I’ve found that being a greeter helps you play “matchmaker” in introducing capable people to ministries that need help.
Published on: 06-01-2020
We moved to St. Albans, United Kingdom (UK), from Silver Spring, Maryland, United States, in July 2018. We visited area churches looking for our new home. The first church we visited for many Sabbaths was beautiful, including friendly greeters holding the sanctuary doors open for us, smiling as they handed us our bulletins. The congregation inside was ethnically diverse. The musicians leading out were talented.
The potlucks were delicious and well organized. We were invited and stayed a couple times, enjoying it very much.
We also visited a small church in London, where my husband, Mack, gave the sermon a couple times. That church was very different in that both the Sabbath School and the divine service were loosely organized. We were warmly welcomed. But the more-than-one-hour drive each way wouldn’t allow us to even consider that as a home church.
The next church had limited parking, and the sanctuary would get quite warm. The potlucks were well organized, but again the physical space was very close and seemed chaotic because of the tight quarters.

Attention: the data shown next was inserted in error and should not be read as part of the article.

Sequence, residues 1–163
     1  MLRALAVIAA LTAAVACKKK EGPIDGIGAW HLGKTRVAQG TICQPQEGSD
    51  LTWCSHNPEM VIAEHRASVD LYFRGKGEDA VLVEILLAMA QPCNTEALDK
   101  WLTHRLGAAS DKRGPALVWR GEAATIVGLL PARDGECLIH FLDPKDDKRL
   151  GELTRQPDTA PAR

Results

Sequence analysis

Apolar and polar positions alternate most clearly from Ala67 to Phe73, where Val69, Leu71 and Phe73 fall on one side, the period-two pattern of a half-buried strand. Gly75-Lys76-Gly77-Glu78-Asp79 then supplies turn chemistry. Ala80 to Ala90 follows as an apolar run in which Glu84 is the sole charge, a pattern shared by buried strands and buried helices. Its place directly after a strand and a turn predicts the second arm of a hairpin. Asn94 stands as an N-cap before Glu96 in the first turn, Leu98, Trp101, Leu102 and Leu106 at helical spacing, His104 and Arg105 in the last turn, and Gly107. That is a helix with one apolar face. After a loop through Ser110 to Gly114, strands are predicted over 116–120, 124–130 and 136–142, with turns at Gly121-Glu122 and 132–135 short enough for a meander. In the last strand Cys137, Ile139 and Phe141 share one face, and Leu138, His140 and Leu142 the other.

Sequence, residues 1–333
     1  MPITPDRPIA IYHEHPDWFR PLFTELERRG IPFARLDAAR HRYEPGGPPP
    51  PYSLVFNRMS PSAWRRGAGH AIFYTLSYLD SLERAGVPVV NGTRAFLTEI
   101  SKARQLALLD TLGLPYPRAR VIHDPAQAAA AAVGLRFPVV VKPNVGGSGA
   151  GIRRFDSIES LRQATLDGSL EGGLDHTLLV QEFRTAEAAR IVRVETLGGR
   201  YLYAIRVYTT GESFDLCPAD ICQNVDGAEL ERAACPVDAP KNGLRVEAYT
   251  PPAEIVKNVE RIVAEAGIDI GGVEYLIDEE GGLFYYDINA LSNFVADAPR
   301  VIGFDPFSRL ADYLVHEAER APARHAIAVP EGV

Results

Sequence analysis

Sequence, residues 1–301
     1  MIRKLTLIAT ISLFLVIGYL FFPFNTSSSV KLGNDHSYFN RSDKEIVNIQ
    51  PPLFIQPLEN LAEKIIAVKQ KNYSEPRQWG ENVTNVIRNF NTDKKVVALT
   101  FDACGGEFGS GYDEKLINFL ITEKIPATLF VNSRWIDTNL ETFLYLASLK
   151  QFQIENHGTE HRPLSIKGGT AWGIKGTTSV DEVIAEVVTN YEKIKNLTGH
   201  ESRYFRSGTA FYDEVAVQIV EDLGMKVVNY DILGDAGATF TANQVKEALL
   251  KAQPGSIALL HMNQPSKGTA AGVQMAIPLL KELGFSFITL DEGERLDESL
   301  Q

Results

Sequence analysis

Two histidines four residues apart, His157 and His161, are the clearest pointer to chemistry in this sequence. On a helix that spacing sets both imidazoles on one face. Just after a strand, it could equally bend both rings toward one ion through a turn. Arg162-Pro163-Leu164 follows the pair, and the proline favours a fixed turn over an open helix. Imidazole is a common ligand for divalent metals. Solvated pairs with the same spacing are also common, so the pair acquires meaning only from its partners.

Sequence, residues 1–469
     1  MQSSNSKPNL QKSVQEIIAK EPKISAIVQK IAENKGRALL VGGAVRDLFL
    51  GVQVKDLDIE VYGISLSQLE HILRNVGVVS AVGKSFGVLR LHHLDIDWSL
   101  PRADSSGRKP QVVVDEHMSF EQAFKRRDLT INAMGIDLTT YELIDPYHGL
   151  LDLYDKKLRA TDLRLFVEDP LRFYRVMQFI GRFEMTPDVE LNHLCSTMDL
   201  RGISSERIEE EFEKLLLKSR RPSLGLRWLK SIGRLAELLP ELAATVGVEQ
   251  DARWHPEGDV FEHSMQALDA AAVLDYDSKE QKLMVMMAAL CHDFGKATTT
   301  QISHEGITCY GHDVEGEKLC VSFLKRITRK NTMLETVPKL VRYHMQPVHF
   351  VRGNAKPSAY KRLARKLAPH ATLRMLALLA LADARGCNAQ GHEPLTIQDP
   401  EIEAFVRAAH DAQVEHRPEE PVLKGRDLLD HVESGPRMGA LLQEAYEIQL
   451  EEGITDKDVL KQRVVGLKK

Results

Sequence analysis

The thing that was different about this last church, however, was a couple of the greeters in particular. The important thing was that they saw us. They were not looking through us to the people behind us, or chatting with the other greeters over our heads. It wasn’t long before they were welcoming us by our first names. This little church, packed to the seams every Sabbath, was full of friendly energy. It’s now our church home, and we’re there because of this.
Sometimes Mack and I are greeters, holding the heavy church doors open and taking note of people’s names and how visitors came to be there that Sabbath.
I’ve found that being a greeter helps you play “matchmaker” in introducing capable people to ministries that need help. It pays to be a friendly face and instrument of hospitality in our church settings.